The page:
A Message of Reassurance
Today I was deeply moved to read the responses to the student survey distributed by our Student Success Team under the leadership of Emilah DeToro, Director of Student & Career Services. I was touched by a student who wrote that they would like a “message of reassurance from Ann.” You asked. I am answering. Here it is.
First, I want you to know how much we care about you, our students, and the stresses this pandemic has placed on your and our lives, our families and loved ones. The challenges of social distancing and stay at home policies are real. We are aware of the financial stress that many of you reported. It was the third challenge you identified after social isolation and too much screen time. We at the college are not able to do a lot about social isolation and screen time, though the Academic Council will be discussing all of the survey results and you will be hearing from us what we can do. Right now we are struggling with these new challenges right alongside you.
However, we decided there is one thing we can do. The Executive Council made the decision NOT TO RAISE TUITION AND FEES for next year. We generally have a small increase each year. We will have no increases for next year. It is a small thing, but it is something we can do.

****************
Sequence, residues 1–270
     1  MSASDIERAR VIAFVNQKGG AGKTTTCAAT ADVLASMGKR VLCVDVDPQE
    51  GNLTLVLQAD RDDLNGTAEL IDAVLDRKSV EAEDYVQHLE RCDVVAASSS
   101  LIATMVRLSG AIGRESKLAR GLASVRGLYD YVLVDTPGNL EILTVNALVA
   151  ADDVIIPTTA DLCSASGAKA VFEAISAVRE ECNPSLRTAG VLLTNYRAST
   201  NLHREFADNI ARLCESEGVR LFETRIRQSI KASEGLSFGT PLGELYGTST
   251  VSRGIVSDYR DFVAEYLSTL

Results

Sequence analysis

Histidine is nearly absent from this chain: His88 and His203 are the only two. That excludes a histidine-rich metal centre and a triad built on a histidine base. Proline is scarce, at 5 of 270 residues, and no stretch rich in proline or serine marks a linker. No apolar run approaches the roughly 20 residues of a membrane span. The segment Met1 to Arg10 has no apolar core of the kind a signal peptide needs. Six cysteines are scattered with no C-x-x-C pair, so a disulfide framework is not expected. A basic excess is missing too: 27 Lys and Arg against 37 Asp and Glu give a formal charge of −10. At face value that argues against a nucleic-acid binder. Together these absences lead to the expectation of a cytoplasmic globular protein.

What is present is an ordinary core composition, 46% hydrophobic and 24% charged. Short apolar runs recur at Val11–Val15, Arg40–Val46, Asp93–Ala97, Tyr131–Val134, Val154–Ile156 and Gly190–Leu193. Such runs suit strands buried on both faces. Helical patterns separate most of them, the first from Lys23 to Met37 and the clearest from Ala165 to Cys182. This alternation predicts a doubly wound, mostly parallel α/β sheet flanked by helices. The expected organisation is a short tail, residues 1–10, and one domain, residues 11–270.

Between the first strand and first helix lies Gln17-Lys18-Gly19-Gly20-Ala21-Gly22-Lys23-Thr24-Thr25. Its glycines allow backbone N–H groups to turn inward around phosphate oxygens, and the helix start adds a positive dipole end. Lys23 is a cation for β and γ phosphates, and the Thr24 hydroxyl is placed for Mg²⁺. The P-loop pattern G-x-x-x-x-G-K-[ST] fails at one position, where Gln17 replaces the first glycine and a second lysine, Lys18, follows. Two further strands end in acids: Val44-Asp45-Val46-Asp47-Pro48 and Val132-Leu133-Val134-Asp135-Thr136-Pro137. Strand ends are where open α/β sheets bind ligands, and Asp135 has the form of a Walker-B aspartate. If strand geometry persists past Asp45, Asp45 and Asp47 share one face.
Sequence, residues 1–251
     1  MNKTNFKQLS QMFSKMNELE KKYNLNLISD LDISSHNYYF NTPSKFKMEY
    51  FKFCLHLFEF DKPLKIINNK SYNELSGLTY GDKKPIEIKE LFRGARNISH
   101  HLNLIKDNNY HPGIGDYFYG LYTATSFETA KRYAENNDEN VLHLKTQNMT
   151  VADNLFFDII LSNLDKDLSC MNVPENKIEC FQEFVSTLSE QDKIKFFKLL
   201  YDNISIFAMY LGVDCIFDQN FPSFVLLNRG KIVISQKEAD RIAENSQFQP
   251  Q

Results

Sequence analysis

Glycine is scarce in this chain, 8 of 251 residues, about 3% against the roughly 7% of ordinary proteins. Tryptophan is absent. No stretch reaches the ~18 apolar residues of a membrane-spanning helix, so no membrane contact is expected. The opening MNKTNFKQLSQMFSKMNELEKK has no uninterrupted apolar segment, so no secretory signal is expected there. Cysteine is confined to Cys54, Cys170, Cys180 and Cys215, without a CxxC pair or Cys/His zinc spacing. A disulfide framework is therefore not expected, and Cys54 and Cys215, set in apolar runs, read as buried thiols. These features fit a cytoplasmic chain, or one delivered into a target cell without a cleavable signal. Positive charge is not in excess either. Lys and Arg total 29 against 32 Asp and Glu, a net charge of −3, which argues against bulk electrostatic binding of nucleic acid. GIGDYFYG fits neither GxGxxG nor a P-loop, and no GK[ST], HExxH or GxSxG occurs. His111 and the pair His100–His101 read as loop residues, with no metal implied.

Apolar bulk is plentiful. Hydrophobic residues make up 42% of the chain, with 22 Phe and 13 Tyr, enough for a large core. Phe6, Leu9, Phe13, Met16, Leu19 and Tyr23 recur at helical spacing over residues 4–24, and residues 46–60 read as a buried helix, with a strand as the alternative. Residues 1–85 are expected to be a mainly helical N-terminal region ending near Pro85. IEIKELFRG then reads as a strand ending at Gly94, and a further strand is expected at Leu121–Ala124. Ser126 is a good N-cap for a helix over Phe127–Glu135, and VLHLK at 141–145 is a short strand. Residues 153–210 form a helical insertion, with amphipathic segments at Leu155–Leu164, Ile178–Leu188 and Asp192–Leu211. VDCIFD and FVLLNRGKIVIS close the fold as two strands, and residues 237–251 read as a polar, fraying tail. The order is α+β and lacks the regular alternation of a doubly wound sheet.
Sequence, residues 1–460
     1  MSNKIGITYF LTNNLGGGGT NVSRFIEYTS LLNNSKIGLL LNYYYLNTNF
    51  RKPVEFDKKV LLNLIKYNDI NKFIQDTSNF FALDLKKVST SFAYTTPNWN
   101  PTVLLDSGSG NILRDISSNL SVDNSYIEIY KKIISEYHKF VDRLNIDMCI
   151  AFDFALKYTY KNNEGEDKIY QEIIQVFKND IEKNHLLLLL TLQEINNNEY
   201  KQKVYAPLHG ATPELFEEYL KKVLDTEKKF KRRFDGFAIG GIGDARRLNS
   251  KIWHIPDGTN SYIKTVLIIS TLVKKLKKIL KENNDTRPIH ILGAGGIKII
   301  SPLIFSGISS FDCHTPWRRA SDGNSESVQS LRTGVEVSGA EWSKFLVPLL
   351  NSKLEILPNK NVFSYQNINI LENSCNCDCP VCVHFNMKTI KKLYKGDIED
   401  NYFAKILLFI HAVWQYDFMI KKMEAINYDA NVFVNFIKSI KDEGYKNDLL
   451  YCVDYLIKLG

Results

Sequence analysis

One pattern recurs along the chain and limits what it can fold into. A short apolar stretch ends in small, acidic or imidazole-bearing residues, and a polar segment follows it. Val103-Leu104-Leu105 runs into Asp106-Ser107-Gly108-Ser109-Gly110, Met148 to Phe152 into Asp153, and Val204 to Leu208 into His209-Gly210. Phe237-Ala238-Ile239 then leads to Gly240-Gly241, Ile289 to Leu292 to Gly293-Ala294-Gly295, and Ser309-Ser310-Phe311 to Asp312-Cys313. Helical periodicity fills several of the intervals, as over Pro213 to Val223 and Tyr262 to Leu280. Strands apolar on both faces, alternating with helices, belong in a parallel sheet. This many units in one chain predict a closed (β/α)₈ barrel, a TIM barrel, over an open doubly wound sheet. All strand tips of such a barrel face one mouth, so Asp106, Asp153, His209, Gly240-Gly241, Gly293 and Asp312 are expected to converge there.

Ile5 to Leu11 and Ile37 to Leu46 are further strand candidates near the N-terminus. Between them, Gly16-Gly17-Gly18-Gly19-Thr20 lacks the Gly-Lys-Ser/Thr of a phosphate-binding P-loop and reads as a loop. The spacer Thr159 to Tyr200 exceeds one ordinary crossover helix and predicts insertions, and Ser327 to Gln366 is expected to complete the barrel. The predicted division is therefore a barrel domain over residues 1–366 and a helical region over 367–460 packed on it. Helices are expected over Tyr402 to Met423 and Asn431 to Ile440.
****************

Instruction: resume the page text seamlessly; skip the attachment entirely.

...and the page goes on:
We are with you, after all, for we human beings are a kind of herd animal – not generally solitary except in chosen moments of separation and reflection. We know we exist by looking into one another’s eyes. We can be reassured by touch or simply by breathing slowly next to one another. These common occurrences are now uncommon for many of us.
And we each have to negotiate with the uncertainty of not knowing. We do not know how long the threat of the virus will last, nor do we know what we will be asked to do to prevent its spread. We cannot foresee all of the consequences of this pandemic. We hope for the best.
We may be wondering: Will we emerge from this global crisis with a greater understanding of our global unity? Is the desire to live more consciously with one another and the animals, plants and waterways of the earth becoming stronger among the people of our planet? Will we be more capable of challenging and changing the social inequities that are now so evident as different communities of color are suffering more death and illness from COVID-19? What positive outcomes might we experience individually and collectively?
We do not know. And in the absence of knowing, we have to yield, to allow, to adapt, to dream, to envision, to make art, to find ways to make this challenging time bearable.
One thing I truly loved in the survey was hearing from you what you are doing right now to make this time more bearable.
Here are your top ten self-care strategies:
85% cleaning my space
79% getting out into nature
79% taking walks around the neighborhood
79% regular check-ins with friends and/or family
75% seeing my therapist
74% making art (knitting, beading, crafting)
63% altering my expectations of being productive
62% physical exercise (running, online/Facebook dance parties, yoga, hiphop class, etc)
57% binge watching movies or shows
56% practicing meditation or radical acceptance
Bravo! You are impressive people. You inspire me.